UN World Refugee Day Focuses on Youth

Hillary Mayell
for National Geographic News
June 20, 2003

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Today is World Refugee Day, a day designated by the United Nations to draw attention to the plight of the men, women, and children who have been forced to flee their homes in the face of persecution and armed conflict.

This year's theme is "Refugee Youth: Building the Future." Angelina Jolie, Goodwill Ambassador for the United Nations High Commissioner for Refugees (UNHCR), is in Washington, D.C. to kick off the celebrations.

Despite the hardships suffered by refugee children, they have the same desires as children everywhere.

"If you ask refugee kids what they want, it's not that different from kids in the U.S.," said Joung-Ah Ghedini, a UNHCR spokesperson who has spent the last seven years working in refugee camps in Bosnia, Rwanda, the Democratic Republic of the Congo, Burundi, Kosovo, Serbia, and Eritrea. "They'll say 'What I would like is to have my family be safe and happy and healthy and to have the possibility to be whatever I want to be when I grow up.' Refugee kids don't know their limitations; they still have hopes and fears. Some of them want to be king."

Naw Mu Si lived in a refugee camp along the border between Thailand and Burma for 14 years. She and her family fled their home a day ahead of the soldiers who came and burned it down.

"Although I felt much safer in the camp than I would have in my own country, the camp was like being kept in a human zoo; there was nothing to do but sit and wait for the international community to come and provide food for us," she said. "We were physically still alive but emotionally dead inside."

Naw Mu Si, a member of the much persecuted Karen ethnic group, is one of the few refugees who has made her way out of the camps and managed to rebuild her life. She is currently in the United States to further her education, and works as an intern for Refugees International.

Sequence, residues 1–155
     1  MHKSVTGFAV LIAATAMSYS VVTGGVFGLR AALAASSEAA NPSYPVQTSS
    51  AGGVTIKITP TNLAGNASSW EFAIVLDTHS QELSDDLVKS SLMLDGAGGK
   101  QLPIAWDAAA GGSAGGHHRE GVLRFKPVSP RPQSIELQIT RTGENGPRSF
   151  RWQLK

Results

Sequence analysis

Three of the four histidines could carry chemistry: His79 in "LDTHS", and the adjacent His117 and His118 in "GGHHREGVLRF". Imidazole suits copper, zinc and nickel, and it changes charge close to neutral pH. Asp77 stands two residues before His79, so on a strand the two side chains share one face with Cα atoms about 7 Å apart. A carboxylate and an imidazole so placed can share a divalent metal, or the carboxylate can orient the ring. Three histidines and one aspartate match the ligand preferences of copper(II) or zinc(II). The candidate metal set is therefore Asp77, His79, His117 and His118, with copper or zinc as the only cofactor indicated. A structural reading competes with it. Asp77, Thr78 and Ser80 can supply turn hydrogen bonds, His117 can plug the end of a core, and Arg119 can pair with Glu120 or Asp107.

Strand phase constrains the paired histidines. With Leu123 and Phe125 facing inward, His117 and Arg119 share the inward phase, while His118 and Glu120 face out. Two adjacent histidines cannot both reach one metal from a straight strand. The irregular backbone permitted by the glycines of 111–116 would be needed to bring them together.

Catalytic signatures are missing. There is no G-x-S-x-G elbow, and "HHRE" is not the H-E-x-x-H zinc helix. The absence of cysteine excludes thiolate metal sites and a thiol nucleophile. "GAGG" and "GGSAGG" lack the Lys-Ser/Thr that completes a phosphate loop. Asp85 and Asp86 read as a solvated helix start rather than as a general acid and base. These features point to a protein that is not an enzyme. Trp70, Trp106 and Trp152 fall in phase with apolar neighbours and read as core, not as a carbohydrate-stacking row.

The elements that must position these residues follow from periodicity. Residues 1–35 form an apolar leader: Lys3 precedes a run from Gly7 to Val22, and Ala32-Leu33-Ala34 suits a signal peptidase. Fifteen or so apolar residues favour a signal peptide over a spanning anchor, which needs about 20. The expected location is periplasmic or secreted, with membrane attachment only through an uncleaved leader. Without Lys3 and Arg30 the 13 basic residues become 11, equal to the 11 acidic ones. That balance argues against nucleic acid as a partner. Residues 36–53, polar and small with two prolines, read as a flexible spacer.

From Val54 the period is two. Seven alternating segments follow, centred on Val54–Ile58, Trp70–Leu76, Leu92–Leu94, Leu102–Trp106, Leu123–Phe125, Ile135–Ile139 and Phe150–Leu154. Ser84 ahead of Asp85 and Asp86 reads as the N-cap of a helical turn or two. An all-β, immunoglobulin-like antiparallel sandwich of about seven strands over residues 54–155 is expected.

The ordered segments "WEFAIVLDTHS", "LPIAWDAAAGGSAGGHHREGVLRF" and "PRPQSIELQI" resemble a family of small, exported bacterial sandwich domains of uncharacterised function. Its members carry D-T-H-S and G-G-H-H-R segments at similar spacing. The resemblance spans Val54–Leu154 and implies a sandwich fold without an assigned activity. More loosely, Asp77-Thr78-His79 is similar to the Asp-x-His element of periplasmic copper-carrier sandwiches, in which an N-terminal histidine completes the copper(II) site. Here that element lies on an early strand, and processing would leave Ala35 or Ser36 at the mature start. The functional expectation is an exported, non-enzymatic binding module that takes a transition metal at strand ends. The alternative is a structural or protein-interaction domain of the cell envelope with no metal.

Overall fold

"My people are still suffering and repeatedly experiencing the cruelty that is committed by the military regime in Burma," she said. "I hope that one day I will be able to return to my own country and be a part of a new Burma in which all ethnic groups can enjoy our freedom and justice. Although I was not able to enjoy my childhood in my country, I hope that my children will not be refugees. I hope they will be able to live in my country, Burma."

Of the 20 million refugees receiving assistance from the United Nations High Commissioner for Refugees (UNHCR), approximately 12 million live in camps or similar conditions. Around six million are IDPs—internally displaced persons—who have had to abandon their homes but remain in their own country.

UNHCR camps, which can range in size from 200 to 800,000 people, provide a safe haven, food, medical care, and school for the younger children. Living in a camp is better than living under the constant threat of massacres, rape, beatings, and mutilation, but it is still wretched.

"While we are looking to mainstream kids in camps into the modern world, in most refugee scenarios they don't have classrooms, they don't have a notebook, they don't have a pencil," said Joung-Ah Ghedini. "You wind up with makeshift classrooms, which could be sitting under a tree, drawing in the dirt, teaching them to read, to write, and do basic math, and at the same time give them some structure in their lives."

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